Cunningham, Klobuchar, and Diaz-Balart Urge Administration to Raise Public Awareness of Plasma Donation Program

Reps. Joe Cunningham (D-SC), Mario Diaz-Balart (R-FL), and Senator Amy Klobuchar (D-MN) wrote a letter to the Centers for Disease Control and Prevention (CDC) and the Food and Drug Administration (FDA), urging the Administration to raise public awareness of the importance and benefits of plasma donation in the effort to address the coronavirus (COVID-19) pandemic.

The federally sponsored Expanded Access Program for convalescent plasma, an investigational treatment for COVID-19, involves giving patients with a coronavirus infection an infusion of antibody-rich plasma from someone who has recovered from the virus.

People who've recovered may have antibodies to the disease in their blood that can help those critically ill from COVID-19 fight the virus. One plasma donation can help up to four people. Cunningham made a convalescent plasma donation in April at a facility in the Lowcountry.

“Given the unprecedented scale and nature of this outbreak, is it critically important that we support the development of safe and science-based treatments," Cunningham said. "In some cases, clinicians and investigators rely on plasma donations by people who have recovered to develop these treatments."

“We understand that FDA and CDC have taken initial steps to encourage plasma donation by partnering with outside organizations, issuing guidance on plasma collection, and developing an informational webpage. We encourage FDA and CDC to take additional steps to effectively share these resources with the public, people who have recovered from coronavirus, and hospitals and health systems caring for patients with the virus.”

Full text of the letter can seen below:

Dear Commissioner Hahn and Director Redfield,

We write to encourage the Centers for Disease Control and Prevention (CDC) and the Food and Drug Administration (FDA) to take additional steps to increase public awareness of the importance and benefits of plasma donation as we respond to the coronavirus (COVID-19) pandemic.

Given the unprecedented scale and nature of this outbreak, is it critically important that we support the development of safe and science-based treatments. In some cases, clinicians and investigators rely on plasma donation by people who have recovered to develop these treatments.

As you are aware, the Mayo Clinic is leading a national Expanded Access Program that collaborates with the American Red Cross to coordinate the collection and distribution of convalescent plasma from patients who have recovered from COVID-19 to people in need across the country. This convalescent plasma contains antibodies that could help other patients struggling with the illness caused by the coronavirus. As of May 4, over 2,000 sites and 9,000 patients have participated in the Expanded Access Program. Johns Hopkins University is leading another investigational treatment using a biological product from convalescent plasma known as hyperimmune globulin to help reduce the severity of coronavirus infections.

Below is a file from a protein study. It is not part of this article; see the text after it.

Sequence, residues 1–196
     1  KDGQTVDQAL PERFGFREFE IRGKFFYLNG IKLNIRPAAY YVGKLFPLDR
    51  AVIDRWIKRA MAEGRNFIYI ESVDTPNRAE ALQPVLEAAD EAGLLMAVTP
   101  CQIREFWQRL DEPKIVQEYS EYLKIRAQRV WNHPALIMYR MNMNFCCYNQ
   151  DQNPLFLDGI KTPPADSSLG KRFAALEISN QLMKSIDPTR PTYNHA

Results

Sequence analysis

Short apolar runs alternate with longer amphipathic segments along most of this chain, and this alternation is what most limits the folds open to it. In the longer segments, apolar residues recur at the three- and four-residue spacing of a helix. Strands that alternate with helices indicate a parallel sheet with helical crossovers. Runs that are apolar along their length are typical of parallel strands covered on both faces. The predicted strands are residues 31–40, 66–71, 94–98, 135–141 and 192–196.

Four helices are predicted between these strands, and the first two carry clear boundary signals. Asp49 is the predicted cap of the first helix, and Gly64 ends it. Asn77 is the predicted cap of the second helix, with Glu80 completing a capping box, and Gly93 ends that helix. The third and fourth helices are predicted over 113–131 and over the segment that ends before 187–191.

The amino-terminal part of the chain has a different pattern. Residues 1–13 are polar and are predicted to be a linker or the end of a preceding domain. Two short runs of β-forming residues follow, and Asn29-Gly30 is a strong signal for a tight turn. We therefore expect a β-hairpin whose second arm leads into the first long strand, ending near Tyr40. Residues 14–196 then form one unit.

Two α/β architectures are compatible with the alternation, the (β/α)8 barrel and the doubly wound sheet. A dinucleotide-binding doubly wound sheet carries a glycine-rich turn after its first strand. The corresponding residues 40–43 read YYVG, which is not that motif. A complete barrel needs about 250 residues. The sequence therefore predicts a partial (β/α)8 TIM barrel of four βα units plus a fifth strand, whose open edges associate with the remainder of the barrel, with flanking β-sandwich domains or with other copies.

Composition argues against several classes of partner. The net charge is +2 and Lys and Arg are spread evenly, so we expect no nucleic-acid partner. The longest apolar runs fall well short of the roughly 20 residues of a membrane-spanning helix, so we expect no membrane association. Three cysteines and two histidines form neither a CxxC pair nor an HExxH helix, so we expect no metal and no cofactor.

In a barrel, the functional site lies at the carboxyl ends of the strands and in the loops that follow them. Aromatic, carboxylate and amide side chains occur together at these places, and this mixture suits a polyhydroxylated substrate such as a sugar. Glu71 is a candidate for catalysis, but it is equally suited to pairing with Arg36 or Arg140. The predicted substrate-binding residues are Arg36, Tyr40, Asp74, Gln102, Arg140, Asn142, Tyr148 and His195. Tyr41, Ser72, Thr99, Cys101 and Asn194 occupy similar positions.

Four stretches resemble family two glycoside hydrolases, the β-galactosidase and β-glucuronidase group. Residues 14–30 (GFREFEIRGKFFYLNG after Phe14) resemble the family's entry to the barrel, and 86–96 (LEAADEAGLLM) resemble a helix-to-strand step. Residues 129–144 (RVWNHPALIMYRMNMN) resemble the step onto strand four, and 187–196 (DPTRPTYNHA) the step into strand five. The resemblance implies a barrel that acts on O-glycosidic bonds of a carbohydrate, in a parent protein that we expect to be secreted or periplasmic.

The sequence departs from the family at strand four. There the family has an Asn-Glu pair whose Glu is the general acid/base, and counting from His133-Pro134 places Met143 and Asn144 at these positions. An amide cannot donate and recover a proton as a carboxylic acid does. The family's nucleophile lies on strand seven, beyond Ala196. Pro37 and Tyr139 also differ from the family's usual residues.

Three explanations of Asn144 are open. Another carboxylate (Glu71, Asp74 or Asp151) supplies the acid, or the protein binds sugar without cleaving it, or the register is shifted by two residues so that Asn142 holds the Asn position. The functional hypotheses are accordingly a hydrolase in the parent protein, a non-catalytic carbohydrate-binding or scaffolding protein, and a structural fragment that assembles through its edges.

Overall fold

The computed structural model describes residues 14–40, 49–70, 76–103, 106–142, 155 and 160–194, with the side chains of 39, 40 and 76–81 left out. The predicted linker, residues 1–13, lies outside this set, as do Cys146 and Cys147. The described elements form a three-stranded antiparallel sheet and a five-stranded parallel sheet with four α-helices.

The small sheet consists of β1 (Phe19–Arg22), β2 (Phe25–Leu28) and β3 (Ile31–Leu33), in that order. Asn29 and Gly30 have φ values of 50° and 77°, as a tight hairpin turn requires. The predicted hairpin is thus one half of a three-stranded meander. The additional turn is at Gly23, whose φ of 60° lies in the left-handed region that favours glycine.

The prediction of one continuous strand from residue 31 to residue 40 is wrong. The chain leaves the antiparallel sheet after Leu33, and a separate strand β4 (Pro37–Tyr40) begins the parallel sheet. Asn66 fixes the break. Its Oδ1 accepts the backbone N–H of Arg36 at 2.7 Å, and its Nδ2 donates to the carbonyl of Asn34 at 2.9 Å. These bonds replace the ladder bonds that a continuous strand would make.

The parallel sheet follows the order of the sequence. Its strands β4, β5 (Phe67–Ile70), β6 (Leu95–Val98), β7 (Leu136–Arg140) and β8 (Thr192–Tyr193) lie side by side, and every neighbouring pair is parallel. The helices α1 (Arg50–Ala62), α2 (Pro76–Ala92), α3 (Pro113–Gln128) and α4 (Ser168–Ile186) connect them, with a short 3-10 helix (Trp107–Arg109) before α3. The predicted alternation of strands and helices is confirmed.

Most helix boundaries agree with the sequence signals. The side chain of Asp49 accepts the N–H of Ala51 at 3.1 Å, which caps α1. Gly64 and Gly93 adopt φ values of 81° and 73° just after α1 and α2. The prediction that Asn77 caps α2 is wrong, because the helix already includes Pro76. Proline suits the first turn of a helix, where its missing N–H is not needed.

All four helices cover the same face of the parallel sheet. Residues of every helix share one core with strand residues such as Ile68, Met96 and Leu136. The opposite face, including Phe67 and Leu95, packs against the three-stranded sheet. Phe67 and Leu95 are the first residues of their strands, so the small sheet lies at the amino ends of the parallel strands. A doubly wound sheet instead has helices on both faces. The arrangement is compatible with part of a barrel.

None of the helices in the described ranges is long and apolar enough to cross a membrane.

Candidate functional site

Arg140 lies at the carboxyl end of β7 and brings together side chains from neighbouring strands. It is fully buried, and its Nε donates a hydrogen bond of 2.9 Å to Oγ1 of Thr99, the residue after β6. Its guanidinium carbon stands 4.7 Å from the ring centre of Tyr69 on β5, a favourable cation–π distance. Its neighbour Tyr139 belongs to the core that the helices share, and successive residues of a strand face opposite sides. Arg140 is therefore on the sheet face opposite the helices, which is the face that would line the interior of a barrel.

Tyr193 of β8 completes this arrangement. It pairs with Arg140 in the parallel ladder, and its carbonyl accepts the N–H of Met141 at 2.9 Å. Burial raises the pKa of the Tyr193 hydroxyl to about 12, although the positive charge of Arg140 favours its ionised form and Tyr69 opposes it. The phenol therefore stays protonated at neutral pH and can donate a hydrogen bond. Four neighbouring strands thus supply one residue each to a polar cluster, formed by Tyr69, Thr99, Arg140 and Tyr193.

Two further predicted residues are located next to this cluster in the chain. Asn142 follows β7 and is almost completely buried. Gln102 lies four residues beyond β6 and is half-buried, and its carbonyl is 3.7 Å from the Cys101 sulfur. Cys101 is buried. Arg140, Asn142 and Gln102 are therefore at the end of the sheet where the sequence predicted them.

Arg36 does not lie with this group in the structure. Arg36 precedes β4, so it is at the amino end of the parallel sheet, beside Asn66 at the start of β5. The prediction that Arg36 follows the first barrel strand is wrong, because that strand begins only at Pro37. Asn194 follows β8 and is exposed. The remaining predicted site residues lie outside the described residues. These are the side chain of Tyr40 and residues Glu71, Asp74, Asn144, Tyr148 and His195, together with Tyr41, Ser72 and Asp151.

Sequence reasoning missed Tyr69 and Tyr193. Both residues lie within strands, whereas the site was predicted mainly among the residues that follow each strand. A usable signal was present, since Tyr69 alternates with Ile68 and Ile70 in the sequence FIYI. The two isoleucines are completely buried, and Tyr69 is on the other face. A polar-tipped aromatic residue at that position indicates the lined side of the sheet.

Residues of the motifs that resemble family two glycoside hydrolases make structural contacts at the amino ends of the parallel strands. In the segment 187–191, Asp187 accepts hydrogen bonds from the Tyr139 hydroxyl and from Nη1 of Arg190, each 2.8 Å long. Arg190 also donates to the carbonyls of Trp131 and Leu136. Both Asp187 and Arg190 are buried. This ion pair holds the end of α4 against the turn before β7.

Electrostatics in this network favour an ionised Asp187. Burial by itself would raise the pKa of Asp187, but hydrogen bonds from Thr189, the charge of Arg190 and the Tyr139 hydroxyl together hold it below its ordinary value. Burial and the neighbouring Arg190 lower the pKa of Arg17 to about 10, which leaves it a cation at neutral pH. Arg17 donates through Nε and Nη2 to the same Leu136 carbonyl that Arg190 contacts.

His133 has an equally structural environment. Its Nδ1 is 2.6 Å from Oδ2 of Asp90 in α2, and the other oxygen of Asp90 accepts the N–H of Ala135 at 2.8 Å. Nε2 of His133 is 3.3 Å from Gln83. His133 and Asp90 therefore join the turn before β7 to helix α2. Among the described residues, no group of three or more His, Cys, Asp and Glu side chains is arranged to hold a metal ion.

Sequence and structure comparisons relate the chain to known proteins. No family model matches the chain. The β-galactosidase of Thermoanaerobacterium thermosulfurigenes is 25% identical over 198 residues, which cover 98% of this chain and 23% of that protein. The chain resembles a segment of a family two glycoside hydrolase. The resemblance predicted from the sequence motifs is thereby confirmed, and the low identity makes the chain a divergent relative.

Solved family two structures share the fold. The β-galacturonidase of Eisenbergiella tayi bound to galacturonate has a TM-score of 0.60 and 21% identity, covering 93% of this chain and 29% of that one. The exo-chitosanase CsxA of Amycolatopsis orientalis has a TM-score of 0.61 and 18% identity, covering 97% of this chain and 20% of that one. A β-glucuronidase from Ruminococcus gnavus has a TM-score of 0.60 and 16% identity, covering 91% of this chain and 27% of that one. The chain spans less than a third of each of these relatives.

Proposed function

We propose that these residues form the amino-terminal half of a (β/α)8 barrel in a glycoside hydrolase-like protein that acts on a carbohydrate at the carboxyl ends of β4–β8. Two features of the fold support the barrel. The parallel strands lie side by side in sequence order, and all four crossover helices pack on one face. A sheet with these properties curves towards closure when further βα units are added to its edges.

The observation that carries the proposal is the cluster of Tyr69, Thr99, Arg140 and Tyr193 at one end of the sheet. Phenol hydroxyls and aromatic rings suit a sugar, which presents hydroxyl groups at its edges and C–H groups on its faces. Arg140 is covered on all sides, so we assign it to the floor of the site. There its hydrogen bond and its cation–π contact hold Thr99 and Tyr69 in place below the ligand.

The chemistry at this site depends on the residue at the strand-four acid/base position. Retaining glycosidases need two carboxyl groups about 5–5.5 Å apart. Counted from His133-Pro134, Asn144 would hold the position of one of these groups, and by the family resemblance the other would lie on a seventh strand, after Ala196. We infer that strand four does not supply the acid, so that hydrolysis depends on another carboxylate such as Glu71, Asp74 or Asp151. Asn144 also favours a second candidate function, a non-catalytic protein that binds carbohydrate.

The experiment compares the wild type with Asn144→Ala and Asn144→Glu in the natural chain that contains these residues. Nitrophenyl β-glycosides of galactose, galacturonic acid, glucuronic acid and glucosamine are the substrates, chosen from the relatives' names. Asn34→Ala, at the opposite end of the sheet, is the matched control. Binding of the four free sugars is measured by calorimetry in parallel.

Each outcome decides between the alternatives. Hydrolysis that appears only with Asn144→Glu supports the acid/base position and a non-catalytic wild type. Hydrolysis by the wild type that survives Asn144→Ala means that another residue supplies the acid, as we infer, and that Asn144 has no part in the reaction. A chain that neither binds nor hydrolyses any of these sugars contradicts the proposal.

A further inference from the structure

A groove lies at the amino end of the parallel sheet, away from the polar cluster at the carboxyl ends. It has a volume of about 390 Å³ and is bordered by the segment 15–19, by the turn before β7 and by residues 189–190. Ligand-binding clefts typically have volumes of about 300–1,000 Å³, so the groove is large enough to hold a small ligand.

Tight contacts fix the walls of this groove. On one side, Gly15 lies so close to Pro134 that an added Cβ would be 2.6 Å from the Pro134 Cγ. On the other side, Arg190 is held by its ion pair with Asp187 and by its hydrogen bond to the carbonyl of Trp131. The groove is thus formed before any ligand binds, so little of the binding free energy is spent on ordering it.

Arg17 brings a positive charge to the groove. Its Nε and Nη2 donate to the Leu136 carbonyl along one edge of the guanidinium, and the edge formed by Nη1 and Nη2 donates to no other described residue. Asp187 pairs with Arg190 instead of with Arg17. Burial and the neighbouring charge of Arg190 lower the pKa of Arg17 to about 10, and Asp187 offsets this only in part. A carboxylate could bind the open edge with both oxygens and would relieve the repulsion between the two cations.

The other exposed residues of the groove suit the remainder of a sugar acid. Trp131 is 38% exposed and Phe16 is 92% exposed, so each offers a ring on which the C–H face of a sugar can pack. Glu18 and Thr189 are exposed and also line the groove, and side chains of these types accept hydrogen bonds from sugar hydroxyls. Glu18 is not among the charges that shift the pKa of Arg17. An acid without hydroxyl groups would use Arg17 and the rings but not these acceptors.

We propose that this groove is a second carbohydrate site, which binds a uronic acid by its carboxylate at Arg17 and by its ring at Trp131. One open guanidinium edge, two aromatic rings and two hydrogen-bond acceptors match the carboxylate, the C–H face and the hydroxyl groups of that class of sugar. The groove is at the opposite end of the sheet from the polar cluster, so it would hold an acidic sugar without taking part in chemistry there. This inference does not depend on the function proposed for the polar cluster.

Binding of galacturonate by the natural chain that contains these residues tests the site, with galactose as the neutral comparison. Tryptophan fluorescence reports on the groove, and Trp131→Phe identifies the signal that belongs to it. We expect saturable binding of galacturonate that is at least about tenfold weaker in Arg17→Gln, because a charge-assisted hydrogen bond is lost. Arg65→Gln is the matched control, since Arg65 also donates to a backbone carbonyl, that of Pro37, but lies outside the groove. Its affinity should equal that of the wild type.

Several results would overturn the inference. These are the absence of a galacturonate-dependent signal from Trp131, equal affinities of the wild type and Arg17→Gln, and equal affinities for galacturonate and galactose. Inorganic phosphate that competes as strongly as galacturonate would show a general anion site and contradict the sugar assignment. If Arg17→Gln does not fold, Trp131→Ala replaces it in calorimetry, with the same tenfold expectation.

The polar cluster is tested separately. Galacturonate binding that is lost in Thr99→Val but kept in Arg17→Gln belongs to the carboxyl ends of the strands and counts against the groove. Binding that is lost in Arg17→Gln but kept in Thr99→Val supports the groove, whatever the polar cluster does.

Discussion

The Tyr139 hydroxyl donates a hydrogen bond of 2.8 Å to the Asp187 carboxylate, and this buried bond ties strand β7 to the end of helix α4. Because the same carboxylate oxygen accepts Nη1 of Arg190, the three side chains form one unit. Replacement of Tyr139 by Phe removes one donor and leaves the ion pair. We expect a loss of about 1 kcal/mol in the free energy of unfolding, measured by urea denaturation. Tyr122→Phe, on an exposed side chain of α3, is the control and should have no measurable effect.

Investigational therapies – which often lead to promising and even life-saving treatments – are being evaluated for their effectiveness in COVID-19 cases and rely on sufficient supplies of convalescent plasma from donors. Shortages of convalescent plasma have left some families in areas with fewer COVID-19 cases in search of possible donors on their own. Expanding the number of people who volunteer to donate plasma is especially important in light of recent accounts highlighting eligibility requirements and screening protocols that have reportedly limited the number of volunteers who actually qualify to donate.

We understand that FDA and CDC have taken initial steps to encourage plasma donation by partnering with outside organizations, issuing guidance on plasma collection, and developing an informational webpage. We encourage FDA and CDC to take additional steps to effectively share these resources with the public, people who have recovered from coronavirus, and hospitals and health systems caring for patients with the virus.

We also respectfully request your answers to the following questions:

1. How are patients who have recovered from COVID-19 and hospitals and health systems that treat COVID-19 patients made aware of the FDA and CDC’s existing resources on plasma donation? Other than the efforts outlined above, are there additional ways in which the FDA and CDC have communicated the scientific importance and benefits of donating plasma?

2. Do the FDA and CDC have the authorities to widely publicize the need for plasma donation during this pandemic as part of, or in addition to, any existing partnerships through social media and other platforms?

3. What additional resources or authorities do the FDA and CDC need from Congress to ensure that health professionals and the public are aware of the heightened importance of donating plasma during this time?

Thank you for your time and consideration of this important matter. We look forward to working with you to increase awareness of the importance of donating plasma to advance our understanding of the coronavirus pandemic.

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